security at a specified price or better if obtainable once the order 
has been submitted to the market.''
    \5\ Article 1, Rule 2(a)(3) defines ``market order,'' in 
pertinent part, as ``an order to buy or sell a specific amount of a 
security at the best price available once the order is presented in 
the market.''
    \6\ The proposed MTP functionality will only be applicable to 
single-sided orders. The purpose of MTP is obviated if both sides of 
an order are already identified, as in the case of a cross order. 
Article 1, Rule 2(a)(2) defines ``cross order,'' in pertinent part, 
as ``an order to buy and sell the same security at a specific price 
better than the best bid and offer displayed in the Matching System 
and which would not constitute a trade-through under Regulation NMS 
(including all applicable exceptions and exemptions).'' As such, MTP 
modifiers may only be applied to limit and market orders.
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Trading Accounts and MTP Trading Groups
    Before discussing the details of the operation of the proposed MTP 
functionality, it is important to first outline the interplay between 
Trading Accounts and MTP Trading Groups. Currently, an order submitted 
to the Matching System originates from a Trading Account, which is 
identified by a unique account symbol, under a Trading Permit.\7\ A 
Participant may hold

[[Page 72732]]

no more than one Trading Permit.\8\ In practice, but not currently 
stated in CHX rules, a Participant Trading Permit holder may maintain 
one or more trading accounts under its Trading Permit. Thus, given that 
the proposed MTP functionality assumes that all orders sent to the 
Matching System originate from MTP Trading Groups, it is necessary to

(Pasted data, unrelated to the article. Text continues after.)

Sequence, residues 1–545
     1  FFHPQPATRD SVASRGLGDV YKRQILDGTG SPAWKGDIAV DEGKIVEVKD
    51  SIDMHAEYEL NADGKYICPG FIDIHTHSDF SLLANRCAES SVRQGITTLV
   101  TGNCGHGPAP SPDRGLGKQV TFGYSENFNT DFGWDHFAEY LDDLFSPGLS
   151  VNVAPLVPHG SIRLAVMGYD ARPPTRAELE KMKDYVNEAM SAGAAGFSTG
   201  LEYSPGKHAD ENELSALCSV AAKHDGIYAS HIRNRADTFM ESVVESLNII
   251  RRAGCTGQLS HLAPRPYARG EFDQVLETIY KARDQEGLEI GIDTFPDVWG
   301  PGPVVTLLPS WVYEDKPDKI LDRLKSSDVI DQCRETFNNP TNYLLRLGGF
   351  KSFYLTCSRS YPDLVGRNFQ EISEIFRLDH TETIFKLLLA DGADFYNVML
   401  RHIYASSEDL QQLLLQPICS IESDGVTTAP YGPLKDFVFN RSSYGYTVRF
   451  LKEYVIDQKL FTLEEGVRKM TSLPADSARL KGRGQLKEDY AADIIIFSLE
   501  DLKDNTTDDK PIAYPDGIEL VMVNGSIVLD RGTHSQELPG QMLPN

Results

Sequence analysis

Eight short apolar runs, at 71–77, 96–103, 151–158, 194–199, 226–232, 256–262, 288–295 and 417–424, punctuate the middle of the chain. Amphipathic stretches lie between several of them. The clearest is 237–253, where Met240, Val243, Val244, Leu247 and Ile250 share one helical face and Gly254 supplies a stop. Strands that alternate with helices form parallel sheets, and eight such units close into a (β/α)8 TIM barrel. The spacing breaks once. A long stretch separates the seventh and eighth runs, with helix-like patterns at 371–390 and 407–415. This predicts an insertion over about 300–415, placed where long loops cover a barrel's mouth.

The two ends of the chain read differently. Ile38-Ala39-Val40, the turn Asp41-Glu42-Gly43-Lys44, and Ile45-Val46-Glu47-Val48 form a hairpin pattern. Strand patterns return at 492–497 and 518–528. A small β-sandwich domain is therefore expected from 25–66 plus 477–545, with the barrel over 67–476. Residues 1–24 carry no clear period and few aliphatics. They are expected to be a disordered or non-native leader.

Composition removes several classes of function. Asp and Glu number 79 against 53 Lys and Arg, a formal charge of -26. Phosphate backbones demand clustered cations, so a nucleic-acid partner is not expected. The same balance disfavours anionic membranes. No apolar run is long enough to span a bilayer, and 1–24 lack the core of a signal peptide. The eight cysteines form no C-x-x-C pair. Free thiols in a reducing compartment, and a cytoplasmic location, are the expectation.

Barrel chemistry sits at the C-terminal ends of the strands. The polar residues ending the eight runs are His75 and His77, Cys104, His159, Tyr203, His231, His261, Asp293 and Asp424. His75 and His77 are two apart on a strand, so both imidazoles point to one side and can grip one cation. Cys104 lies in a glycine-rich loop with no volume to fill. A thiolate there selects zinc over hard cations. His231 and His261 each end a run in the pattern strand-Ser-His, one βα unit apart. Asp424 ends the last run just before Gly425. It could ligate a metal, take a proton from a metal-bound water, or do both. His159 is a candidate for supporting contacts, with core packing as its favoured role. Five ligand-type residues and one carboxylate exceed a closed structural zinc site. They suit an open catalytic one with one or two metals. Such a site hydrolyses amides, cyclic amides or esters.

define the terms ``Trading Account'' \9\ and ``MTP Trading Group.''
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    \7\ CHX Article 1, Rule 1(aa) defines ``Trading Permit'' as ``a 
permit issued by the Exchange, granting the holder a revocable 
license to execute approved securities transactions through the 
Exchange's Trading Facilities, or to have those transactions 
executed on its behalf.'' In turn, CHX Article 1, Rule 1(z) defines 
``Trading Facilities'' as ``all of the Exchange's facilities for the 
trading of equity securities, including any and all electronic or 
automated order routing, execution and reporting systems provided by 
the Exchange.''
    \8\ CHX Article 3, Rule 2(e).
    \9\ ``Trading Accounts'' are not currently defined in the CHX 
rulebook.
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    Proposed Article 1, Rule 1(ll) defines ``Trading Account'' as an 
account under a Trading Permit,\10\ identified by a unique CHX account 
symbol, from which orders are sent to the Exchange's Trading 
Facilities. Also, a Trading Permit holder may establish more than one 
Trading Account per Trading Permit.
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    \10\ See supra note 7.
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    Proposed Article 1, Rule 1(mm) provides that an ``MTP Trading 
Group'' means a group of one or more Trading Accounts that have been 
aggregated at the request of all Participant Trading Permit holders 
that control all Trading Accounts within the proposed group for the 
purpose of enabling Match Trade Prevention functionality, pursuant to 
proposed Article 1, Rule 2(b)(3)(F)(i). It also states that a Trading 
Account may not be assigned to more than one MTP Trading Group. Lastly, 
it provides that any Exchange-approved changes to the composition of an 
MTP Trading Group shall be effective no earlier than the trading day 
following the request.
    Although the Exchange anticipates that the vast majority of MTP